Procrastination, as we all know, is a productivity killer. I have a list of jobs (sometimes written down, and sometimes in my head) I need to do on a day to day basis. Some jobs – particularly ones I am worried about, or where a poor outcome has dire consequences- seem to sit on that list for a long time. This often makes them more difficult when I finally get to them! Why do we do this to ourselves? What is the psychology which underpins it, and how can we avoid getting bogged down in procrastination?
This post has a bit less psychology and a bit more opinion on Brexit and our society.
I voted to stay, and we lost. That is one side effect of democracy. In the aftermath of the Brexit vote, half the population of the UK is surprised. A good chunk of that half is also very angry (I was this morning for sure). Social media today is full of people berating Leave voters for being ‘stupid’, ‘selfish’ or ‘racist’. People need to blow off steam, but they also need to step back and consider what comes next, and who we want to be as a nation.
Many commentators have (and I am sure will continue to) split the in and out voters along broad lines – haves and have nots, urban vs. rural and young versus old. This is simplistic stereotyping at its very worst. I bet you within a mile of me I can find a young urbinate who voted leave and an old farmer who voted stay. I can also find bright and not-so-bright people in both camps, and those with strong (and absent) moral compasses too. We know from social psychology categorising people in this way reduces them to a few basic attributes and removed individual difference. It also fosters negative interactions between groups which increases the likelihood of conflict and makes agreement harder. Be under no illusion we need to avoid this.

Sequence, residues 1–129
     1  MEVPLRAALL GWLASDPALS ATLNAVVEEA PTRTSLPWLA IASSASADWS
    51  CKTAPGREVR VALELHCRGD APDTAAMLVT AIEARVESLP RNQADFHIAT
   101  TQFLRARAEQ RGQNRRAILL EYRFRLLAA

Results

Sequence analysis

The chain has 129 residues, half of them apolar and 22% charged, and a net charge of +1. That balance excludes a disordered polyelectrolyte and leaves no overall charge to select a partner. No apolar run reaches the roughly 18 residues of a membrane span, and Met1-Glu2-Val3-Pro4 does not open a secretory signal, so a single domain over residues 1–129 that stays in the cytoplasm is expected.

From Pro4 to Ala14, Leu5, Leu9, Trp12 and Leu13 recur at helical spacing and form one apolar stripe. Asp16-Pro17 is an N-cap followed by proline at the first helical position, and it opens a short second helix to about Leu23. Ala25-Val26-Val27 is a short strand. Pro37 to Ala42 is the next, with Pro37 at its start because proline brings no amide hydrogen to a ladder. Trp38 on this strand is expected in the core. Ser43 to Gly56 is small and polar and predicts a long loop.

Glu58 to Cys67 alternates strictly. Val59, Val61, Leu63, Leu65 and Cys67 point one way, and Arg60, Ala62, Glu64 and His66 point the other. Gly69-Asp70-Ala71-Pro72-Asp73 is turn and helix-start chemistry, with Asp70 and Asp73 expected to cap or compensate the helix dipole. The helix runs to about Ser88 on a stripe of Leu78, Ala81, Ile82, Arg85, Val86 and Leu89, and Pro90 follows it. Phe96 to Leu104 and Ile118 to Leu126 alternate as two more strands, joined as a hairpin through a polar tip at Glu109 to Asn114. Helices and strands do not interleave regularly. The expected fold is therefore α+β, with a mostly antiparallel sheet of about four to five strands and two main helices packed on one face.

Sometimes, I wonder who is driving, me or the autopilot!
This last week or two have been a bit busy. As a result, I suspect I have been leaning a bit too much on my autopilot. On top of the day to day stuff, all sorts has been going on – I have had a big grant application due in, a new member of staff starting and end of teaching session marking, checking, and paperwork are all being done. (I love teaching, but I hate paperwork). I’m also getting ready to visit another university to comment on their courses and preparing to help evaluate one our own institution is launching. Finally, one of my PhD student this week defended their thesis – basically explaining to an independent judge why they should be given a doctorate. Alongside this me, my partner, baby Annabelle and big sister Katherine all went camping for the first time this weekend (having a great time, but a busy, not-much-sleep one!). This is all good stuff, but it means sometimes I forgot to be conscious of what I was doing. Whats the psychology behind this, and can we do anything about it?
I am thrilled to say that my new book, Psychology Squared: 100 Concepts in Psychology You Should Know is now out, published by Apple Press and available in physical form via Amazon and other channels. Written by myself and Dr. Christopher Sterling, this volume outlines 100 interesting ideas and concepts in psychology, each accompanied by a beautiful illustration or fantastically informative diagram. I’m really proud of what we have achieved, and writing it was really the inspiration for the blog. You can read more about it by visiting my little bookstore here.
In the three years since our daughters were born I think I have sung more notes than in the previous couple of decades. We sing in the car, at breakfast , to settle down for bed, at playgroups and sometimes just for no reason at all. And you know what? I am great at it. In my head. Pre-vocalisation I am in tune and often there is an orchestral accompaniment. Then it comes out my mouth and it sounds somewhat flat (or sharp) and a tad toneless. None-the-less I enjoy it – in particular I enjoy singing quietly to (or, I admit sometimes, at) my daughters in the wee hours when it is just us.